Tips for reducing bathing stress in residents

Below is a link to an article on Daily Caring.com that has useful tips to remember when helping to bathe a resident who has Alzheimer’s disease. We encourage you to take a quick look and share with staff, as bathing can be a stressful activity for residents and staff alike.

http://dailycaring.com/7-tips-to-get-someone-with-Alzheimers-to-take-a-bath/

We are announcing a fun contest this week for all of you…please email us (vigne1@verizon.net) a brief “tidbit” of your own that describes how you or a staff member at you facility has been creative in getting residents to shower or bathe without a battle.

The facilities that email us the winning tidbit entries will each receive a gift card towards treating staff to lunch! We will also share your idea in a future weekly tidbit so your experience can help others too. We look forward to reading your great ideas….we know you have them to share!

Combating combative behavior

Here’s a short and sweet—and very practical—tidbit that one of our intervention nurses shared:

In the past when staff have exhausted all approaches/interventions to stop or decrease a resident with combative behavior, I have cut a pool noodle in half or thirds and had the resident hold it in each hand.  I’ve also given the resident gum to chew in order prevent biting the staff.

This beats the alternative of heavily medicating.

Reducing resistance to care

Resisting care, sometimes called combative with care, is a common behavior that is different from agitation or aggression. A person who is resisting care may pull away, attempt to leave or become agitated or aggressive during care activities. An example of a person resisting care may be saying “stop that, leave me alone!” and pulling away from staff during a specific care activity such as bathing. It is thought that resistance occurs because the person does not understand the care activity and sees this as an invasion of their personal space or a threat to their safety.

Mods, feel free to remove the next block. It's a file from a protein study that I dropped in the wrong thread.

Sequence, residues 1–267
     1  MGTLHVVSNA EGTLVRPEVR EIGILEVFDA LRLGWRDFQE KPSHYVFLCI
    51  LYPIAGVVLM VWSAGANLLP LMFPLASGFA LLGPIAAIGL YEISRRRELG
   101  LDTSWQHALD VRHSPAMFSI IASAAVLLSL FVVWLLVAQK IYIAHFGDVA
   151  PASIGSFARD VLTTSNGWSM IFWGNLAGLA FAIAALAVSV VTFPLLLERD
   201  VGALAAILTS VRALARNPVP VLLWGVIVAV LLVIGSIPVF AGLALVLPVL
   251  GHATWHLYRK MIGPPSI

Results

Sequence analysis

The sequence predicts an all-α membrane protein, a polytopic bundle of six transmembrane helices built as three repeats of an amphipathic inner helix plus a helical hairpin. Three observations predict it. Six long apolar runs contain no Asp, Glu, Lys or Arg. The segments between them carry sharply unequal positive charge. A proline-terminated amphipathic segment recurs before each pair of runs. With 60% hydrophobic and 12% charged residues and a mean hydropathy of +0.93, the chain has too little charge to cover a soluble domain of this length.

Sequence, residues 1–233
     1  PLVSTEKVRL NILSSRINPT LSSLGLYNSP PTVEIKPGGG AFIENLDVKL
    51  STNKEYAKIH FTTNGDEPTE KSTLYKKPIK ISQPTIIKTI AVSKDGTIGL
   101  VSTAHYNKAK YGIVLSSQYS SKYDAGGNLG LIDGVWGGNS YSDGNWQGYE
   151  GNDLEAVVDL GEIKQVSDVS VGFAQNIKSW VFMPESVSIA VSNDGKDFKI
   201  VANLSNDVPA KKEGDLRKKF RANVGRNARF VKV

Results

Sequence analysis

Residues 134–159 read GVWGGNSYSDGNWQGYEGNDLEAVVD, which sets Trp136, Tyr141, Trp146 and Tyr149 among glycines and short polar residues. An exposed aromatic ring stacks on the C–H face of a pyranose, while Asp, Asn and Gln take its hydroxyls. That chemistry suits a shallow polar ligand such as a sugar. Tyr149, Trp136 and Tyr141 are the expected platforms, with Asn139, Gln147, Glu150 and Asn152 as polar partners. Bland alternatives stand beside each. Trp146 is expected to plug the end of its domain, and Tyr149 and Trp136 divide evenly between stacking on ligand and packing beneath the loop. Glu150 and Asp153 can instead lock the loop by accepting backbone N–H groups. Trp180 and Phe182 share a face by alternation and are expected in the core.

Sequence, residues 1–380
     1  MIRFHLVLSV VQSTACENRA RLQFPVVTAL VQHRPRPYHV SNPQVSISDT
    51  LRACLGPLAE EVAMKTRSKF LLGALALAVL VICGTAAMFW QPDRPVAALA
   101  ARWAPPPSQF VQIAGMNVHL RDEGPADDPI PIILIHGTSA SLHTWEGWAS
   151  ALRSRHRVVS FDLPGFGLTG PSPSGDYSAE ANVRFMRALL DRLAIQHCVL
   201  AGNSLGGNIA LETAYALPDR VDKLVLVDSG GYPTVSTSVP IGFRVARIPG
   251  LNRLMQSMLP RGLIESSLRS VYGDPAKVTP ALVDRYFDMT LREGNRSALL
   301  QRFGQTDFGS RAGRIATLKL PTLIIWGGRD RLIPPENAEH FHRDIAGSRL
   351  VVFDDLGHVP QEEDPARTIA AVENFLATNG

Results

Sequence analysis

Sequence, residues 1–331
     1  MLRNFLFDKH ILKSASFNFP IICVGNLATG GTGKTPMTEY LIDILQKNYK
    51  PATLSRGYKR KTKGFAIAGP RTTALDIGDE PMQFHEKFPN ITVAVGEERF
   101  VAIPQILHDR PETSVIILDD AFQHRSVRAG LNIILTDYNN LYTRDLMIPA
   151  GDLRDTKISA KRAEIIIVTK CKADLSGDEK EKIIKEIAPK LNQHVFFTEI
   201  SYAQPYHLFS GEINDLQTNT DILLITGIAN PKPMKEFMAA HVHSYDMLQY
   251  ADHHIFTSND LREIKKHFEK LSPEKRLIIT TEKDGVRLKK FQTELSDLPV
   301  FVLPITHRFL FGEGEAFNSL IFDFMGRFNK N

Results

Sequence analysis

How to approach the resident:

  • Assume a non-threatening posture: smile and speak in a pleasant tone of voice, keep arms open (not crossed), conduct care at the resident’s eye level and from the side.
  • Don’t stand over the resident
  • Slow down care and ensure you are communicating clearly and explaining the task in a step-by-step process.
  • Do not use “baby talk” (elder speak) when delivering care.

General strategies to reduce care resistance:

Encourage the person with dementia to do as much for themselves as they can. Put objects necessary for the task within their field of vision so they are more easily located and remove objects that are unnecessary or distracting.

  • Identify long-standing habits and adjust routines accordingly. For example, if the resident is used to doing oral care at the sink, take them to the bathroom to complete this part of their care.
  • Consider whether the activity may be uncomfortable or painful and consider pain treatment before the activity.